The proposed research is aimed at better understanding the neural underpinnings of cognitive reserve (CR). We have postulated that CR mediates the relationship between age- or Alzheimer's disease (AD)-related brain pathology and the clinical impact of that pathology. Our working hypothesis has been that CR operates through individual differences in how tasks are processed in the brain and that we can use fMRI-measured task-related activation to understand these processing differences. In both young and old, we have indentified individual differences in the efficiency and capacity of brain networks elicited by task performance, and have noted that these individual differences are often related to measured CR. We have also identified situations where older adults use different compensatory neural patterns. We now propose to assess how these possible neural implementations of CR are expressed in the presence of quantifiable measures of age- and AD-related brain changes and pathology. These will include MR measures of brain volume, cortical thickness, white matter hyperintensities, resting cerebral blood flow and default network integrity, as well quantified amyloid burden from 18F-AV-45 PET. These measures will be obtained for 50 young and 150 older healthy participants who will also perform two tasks while being imaged with fMRI. This will allow us to explore the neural implementation of CR and determine how CR maintains performance in the presence of brain changes and pathology. We also propose to follow our elder participants over time to determine whether differential expression of these CR networks in healthy elders is associated with reduced risk of important clinical outcomes including cognitive decline and developing mild cognitive impairment (MCI) or AD. This work will lead to better understanding of how aging and AD pathology impacts on the neural systems that mediate cognitive function and the neural mechanisms that differentiate successful and unsuccessful aging. In turn, it may provide clues for remediating or preventing age-related cognitive changes and delaying the onset of AD.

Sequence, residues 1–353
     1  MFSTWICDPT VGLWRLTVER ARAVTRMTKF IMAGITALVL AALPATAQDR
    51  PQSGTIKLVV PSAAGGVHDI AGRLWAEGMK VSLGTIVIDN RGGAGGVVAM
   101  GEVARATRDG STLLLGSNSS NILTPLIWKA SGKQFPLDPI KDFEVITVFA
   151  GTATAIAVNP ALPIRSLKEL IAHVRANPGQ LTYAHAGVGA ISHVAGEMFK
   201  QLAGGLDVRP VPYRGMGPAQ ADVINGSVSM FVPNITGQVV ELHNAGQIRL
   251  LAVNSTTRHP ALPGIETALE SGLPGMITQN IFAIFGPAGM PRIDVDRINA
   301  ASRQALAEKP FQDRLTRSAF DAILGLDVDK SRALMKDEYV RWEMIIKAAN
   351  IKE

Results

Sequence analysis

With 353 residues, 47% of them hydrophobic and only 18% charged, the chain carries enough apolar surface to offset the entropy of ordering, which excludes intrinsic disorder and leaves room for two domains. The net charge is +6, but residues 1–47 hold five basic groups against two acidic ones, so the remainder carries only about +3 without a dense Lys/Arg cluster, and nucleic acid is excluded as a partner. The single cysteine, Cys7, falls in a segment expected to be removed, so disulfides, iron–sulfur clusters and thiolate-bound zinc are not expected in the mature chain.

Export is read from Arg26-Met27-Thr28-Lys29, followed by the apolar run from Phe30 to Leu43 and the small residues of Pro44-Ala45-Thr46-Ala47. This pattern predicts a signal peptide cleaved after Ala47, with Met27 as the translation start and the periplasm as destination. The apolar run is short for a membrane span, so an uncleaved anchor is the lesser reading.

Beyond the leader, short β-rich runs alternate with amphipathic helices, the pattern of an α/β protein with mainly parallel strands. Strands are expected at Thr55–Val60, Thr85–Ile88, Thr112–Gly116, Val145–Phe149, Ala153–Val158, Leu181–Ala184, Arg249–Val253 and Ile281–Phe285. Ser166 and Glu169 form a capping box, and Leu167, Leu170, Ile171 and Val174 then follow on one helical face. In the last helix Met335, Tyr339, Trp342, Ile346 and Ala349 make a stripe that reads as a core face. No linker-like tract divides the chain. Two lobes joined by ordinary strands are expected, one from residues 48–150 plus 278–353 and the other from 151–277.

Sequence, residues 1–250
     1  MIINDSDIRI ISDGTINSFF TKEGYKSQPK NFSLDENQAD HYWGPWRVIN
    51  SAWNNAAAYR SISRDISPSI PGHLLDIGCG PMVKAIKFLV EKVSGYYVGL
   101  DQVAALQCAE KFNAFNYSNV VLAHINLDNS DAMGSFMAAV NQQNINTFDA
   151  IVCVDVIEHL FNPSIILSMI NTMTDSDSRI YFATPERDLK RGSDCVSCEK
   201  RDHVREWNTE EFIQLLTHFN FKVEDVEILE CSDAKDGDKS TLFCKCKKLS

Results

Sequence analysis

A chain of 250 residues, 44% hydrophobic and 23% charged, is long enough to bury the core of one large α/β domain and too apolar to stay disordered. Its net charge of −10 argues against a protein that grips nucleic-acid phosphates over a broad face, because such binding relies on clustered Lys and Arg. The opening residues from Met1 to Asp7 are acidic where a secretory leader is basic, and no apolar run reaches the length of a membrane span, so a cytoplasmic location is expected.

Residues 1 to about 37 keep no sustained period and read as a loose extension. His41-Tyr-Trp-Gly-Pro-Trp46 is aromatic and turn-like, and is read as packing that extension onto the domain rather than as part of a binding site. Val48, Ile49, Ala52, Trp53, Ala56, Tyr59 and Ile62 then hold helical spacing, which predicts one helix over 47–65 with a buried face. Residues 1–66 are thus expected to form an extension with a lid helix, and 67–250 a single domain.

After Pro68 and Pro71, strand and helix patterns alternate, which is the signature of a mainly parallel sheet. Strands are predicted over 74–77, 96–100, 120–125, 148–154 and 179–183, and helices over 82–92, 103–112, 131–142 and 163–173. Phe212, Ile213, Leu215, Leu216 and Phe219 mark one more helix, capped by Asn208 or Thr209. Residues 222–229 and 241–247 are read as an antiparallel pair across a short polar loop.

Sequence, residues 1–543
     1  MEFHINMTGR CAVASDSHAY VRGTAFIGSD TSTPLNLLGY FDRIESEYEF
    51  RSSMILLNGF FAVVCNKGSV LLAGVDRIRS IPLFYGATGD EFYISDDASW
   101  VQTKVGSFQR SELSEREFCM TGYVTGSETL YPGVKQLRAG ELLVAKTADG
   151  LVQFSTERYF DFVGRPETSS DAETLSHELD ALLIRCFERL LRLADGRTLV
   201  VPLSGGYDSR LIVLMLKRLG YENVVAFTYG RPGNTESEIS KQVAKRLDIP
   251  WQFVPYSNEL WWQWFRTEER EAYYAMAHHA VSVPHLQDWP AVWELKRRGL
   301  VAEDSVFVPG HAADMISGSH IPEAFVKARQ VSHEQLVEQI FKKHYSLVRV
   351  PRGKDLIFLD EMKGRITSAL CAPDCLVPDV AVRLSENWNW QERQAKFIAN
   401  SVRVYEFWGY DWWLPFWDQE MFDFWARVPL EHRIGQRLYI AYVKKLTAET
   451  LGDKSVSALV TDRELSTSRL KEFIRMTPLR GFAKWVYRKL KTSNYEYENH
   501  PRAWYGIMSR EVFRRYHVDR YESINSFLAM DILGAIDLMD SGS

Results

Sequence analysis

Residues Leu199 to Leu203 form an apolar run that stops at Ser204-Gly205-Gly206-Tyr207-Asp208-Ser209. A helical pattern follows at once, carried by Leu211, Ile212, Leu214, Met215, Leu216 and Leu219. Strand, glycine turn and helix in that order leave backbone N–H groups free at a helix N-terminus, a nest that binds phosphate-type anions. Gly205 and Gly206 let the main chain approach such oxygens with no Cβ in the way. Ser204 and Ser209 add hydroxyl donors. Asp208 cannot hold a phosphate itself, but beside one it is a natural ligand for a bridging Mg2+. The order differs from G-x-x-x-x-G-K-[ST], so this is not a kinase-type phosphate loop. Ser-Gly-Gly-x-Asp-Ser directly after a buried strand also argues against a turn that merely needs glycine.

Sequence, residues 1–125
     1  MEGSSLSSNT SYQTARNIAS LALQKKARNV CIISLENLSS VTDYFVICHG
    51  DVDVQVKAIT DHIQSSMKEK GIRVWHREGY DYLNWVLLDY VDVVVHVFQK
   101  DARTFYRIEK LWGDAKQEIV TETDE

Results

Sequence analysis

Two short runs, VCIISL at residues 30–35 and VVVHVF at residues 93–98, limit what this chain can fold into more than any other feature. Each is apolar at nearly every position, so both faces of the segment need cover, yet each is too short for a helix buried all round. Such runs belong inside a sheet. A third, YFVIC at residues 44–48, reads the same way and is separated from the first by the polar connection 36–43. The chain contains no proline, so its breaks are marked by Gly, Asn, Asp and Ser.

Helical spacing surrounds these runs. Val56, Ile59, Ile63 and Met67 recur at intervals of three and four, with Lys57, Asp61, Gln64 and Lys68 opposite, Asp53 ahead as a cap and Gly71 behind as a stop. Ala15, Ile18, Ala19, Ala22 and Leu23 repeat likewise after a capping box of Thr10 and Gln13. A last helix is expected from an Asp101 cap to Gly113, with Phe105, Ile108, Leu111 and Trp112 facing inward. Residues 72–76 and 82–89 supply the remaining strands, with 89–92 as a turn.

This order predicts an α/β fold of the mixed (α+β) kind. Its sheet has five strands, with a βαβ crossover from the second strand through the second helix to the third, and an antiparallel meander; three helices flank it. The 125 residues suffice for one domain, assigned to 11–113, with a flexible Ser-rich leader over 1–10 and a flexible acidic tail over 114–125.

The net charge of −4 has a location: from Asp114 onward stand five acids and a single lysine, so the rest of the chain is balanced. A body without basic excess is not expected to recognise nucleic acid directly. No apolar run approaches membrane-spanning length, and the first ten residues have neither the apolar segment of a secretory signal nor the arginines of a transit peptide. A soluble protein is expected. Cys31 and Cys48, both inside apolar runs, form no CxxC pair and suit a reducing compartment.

This work will lead to better understanding of how aging and AD pathology impacts on the neural systems that mediate cognitive function and the neural mechanisms that differentiate successful and unsuccessful aging. In turn, it may provide clues for remediating or preventing age-related cognitive changes and delaying the onset of AD.
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